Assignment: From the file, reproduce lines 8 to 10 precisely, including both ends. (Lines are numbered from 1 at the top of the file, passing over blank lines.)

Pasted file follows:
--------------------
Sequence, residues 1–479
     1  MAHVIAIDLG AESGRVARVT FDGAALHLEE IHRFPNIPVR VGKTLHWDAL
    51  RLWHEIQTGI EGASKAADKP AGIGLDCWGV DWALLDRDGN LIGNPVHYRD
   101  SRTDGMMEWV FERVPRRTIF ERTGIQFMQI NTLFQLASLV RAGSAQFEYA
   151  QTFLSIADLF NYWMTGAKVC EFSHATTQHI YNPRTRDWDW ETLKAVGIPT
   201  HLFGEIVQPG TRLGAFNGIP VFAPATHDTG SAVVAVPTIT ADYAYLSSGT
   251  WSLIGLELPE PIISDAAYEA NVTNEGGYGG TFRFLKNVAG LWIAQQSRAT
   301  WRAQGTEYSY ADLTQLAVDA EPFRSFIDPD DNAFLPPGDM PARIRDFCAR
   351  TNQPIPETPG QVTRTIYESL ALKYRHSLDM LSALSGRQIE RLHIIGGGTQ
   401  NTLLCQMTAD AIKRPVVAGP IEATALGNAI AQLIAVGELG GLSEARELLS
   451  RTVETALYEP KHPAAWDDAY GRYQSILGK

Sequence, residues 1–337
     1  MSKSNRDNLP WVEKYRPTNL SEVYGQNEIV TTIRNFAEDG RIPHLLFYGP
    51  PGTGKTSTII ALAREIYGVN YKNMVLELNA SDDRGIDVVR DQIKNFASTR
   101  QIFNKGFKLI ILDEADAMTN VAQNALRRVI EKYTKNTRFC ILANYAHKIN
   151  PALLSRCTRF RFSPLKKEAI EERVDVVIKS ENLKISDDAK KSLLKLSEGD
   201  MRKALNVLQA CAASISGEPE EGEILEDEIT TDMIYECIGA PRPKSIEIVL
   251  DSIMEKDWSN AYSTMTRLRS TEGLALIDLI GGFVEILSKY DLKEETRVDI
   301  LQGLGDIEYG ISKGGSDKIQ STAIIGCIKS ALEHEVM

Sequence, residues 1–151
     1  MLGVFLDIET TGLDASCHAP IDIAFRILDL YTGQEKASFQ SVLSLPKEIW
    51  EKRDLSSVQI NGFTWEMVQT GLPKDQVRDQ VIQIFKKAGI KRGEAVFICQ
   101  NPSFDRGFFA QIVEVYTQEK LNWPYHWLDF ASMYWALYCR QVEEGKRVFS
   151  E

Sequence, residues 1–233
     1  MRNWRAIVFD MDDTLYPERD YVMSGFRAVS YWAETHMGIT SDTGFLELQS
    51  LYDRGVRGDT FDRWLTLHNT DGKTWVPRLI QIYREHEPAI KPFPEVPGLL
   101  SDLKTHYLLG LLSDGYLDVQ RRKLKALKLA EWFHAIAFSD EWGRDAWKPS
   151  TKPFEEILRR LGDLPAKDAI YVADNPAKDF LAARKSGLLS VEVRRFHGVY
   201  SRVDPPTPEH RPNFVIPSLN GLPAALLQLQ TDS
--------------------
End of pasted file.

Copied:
   301  WRAQGTEYSY ADLTQLAVDA EPFRSFIDPD DNAFLPPGDM PARIRDFCAR
   351  TNQPIPETPG QVTRTIYESL ALKYRHSLDM LSALSGRQIE RLHIIGGGTQ
   401  NTLLCQMTAD AIKRPVVAGP IEATALGNAI AQLIAVGELG GLSEARELLS